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2 | ifr special report | September 2009 Contents

Editor: Matthew Davies Deputy editor: Mark Baker Special reports editor: Solomon Teague

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3Back from the abyss When Lehman Brothers collapsed a year ago and sent the global financial services industry into meltdown, the UK’s three investment banks were thrust into the eye of the storm. Since that watershed moment they undergone a transformation, with two now partially owned by the government. And while it looks like the worst could be over, they still face a stern test of their strategies.

6Grabbing the nettle French banks have survived the credit crunch relatively well – certainly better than many of their Anglo-Saxon rivals – but two banks in particular stand out. SG and BNP have been beneficiaries of industry consolidation, thinning out the number of rivals, while both boast diverse product lines which they insist can be delivered to clients in an integrated way. There is an air of optimism in Paris.

8 Staying the course In spite of its trading businesses being badly hit by the fallout from the collapse of Lehman Brothers, Deutsche Bank appears to be coming through the credit crisis with franchises intact and the firm better positioned to cope with new market realities. It has lost one domestic competitor, as Commerzbank completed its takeover of Dresdner Bank, but with the new combination focusing on domestic clients above all, Deutsche now stands as the one firm with global ambitions.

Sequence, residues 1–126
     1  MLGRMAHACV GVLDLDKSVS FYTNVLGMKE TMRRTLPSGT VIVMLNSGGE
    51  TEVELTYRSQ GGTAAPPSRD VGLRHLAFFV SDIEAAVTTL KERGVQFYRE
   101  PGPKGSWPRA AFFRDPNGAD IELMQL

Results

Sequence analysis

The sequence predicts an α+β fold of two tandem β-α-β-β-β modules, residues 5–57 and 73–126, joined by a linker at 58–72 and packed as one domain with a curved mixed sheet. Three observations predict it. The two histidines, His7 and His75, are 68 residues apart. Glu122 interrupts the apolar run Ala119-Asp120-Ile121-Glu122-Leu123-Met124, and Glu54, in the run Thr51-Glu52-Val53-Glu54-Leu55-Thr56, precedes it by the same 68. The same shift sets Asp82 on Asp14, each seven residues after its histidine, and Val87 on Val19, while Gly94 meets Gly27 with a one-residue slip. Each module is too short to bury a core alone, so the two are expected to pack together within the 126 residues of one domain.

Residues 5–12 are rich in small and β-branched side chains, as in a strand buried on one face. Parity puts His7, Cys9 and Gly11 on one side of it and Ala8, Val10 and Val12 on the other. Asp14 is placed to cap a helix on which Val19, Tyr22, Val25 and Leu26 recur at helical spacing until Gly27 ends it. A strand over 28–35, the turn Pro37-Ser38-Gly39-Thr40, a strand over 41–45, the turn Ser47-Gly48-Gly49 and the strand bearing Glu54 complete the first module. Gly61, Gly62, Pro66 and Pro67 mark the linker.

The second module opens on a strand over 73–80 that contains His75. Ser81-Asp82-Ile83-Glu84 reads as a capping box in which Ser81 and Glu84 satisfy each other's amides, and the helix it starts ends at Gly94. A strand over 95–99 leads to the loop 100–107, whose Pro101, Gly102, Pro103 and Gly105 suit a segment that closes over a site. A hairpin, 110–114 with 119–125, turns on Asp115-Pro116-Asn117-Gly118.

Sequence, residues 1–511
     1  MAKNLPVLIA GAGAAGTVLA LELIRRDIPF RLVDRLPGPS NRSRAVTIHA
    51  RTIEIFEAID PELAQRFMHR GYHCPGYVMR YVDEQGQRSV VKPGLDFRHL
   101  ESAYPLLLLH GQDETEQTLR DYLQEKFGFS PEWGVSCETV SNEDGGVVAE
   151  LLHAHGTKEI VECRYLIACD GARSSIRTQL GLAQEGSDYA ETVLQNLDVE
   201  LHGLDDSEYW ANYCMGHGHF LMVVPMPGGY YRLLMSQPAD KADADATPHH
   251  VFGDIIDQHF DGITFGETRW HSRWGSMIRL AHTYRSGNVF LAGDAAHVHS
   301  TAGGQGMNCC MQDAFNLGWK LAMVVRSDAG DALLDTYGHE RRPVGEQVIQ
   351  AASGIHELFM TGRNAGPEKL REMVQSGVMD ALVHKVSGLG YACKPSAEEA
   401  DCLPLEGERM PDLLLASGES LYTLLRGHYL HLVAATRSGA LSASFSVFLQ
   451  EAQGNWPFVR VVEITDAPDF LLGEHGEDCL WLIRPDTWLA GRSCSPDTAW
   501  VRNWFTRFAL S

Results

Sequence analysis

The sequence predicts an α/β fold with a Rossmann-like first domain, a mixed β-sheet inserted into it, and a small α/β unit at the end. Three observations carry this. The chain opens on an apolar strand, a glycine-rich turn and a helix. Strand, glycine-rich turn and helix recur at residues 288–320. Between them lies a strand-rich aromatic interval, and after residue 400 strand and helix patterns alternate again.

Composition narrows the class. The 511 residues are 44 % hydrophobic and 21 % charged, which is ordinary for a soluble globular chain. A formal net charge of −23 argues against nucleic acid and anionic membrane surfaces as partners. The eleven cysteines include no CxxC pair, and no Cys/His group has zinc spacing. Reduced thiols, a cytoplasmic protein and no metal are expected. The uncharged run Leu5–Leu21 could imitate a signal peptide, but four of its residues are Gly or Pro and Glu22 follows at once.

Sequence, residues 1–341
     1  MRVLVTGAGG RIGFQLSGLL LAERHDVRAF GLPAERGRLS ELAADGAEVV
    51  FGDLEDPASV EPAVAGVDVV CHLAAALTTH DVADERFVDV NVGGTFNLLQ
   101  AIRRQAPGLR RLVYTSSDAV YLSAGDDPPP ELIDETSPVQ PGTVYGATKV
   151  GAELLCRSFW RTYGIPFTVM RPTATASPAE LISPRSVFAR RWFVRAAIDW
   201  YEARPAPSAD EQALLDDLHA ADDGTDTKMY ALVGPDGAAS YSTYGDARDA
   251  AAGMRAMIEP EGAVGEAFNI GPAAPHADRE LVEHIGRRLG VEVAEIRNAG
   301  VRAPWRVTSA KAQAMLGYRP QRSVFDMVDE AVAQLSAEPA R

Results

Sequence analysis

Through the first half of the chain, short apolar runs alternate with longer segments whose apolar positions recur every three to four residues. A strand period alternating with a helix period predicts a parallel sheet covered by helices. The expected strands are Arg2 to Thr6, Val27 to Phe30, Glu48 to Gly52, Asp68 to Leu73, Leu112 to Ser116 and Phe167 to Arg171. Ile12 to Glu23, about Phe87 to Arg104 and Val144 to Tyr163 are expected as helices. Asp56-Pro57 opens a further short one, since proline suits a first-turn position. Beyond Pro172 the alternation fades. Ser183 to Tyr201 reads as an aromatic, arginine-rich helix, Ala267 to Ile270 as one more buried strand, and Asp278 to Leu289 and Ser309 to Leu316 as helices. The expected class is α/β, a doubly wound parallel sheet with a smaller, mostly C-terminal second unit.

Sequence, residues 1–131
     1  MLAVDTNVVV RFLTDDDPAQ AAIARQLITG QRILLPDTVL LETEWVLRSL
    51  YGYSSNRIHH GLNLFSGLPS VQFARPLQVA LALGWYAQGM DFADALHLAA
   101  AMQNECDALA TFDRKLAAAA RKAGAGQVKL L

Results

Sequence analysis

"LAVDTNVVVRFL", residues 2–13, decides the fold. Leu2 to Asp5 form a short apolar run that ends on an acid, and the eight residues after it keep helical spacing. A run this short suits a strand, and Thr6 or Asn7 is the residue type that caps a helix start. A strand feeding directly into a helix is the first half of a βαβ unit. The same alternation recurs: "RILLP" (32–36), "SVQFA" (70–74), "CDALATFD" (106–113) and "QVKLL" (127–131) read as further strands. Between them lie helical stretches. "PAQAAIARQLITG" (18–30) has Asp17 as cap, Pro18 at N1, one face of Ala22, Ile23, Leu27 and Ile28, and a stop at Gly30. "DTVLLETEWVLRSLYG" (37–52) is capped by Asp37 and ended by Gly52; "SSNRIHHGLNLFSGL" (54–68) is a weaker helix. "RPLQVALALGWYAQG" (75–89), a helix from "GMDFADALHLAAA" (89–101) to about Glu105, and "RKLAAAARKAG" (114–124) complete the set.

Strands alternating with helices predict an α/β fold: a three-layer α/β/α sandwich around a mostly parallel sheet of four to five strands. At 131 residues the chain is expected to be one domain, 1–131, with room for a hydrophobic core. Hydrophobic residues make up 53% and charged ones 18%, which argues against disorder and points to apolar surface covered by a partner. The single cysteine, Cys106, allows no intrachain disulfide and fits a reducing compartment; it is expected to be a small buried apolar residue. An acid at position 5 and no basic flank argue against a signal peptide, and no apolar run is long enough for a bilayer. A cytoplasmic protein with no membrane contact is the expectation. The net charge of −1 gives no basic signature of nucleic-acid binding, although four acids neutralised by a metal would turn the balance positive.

11 A tale of two banks One of Europe’s smaller countries is home to two of its largest banks. But while Switzerland’s two banking superpowers share a home jurisdiction, in terms of their financial performance since the onset of the financial crisis, they might as well be on different planets. Now, with the economic outlook showing signs of brightening, UBS hopes it can put its woes behind it and rediscover some of its former magic.

14Home sweet home Governmental support, selective though it has been, has been vital in keeping Benelux banks back on their feet in the past year. Now, with the worst seemingly over, banks are regaining their strength, and the main focus of wholesale banking businesses appears to be building a strong domestic presence. To accomplish this, banks are working hard to forge long-lasting relationships with regional corporates.

15 Getting organised It has been a tale of two mergers in the Italian markets. The fortunes of UniCredit and Banca IMI have been influenced by the reorganisation of their activities, either by grouping together divisions or a post-acquisition restructuring of the balance sheet to maximise efficiency.

17 Home and away

BBVA and Santander have had a pretty enviable year in Spain, managing to steer clear of some of the bigger market pitfalls, and making up considerable ground on some of their European rivals in key businesses. With the former the stronger domestically, and the latter focusing its attention abroad, the pair look like excellent examples of how to execute two distinct banking strategies.

19 The only way is up In a year that has ravaged markets all around the world, few markets have been forced to endure such prolonged agony as Russia. After being lulled into an early false sense of security, it fell further than most of its European peers, and has taken considerably longer to bounce back, with a predictably devastating impact throughout the region. But bankers are convinced things are now moving in the right direction.

Front cover photo credit: Bogdan Cristel/Reuters

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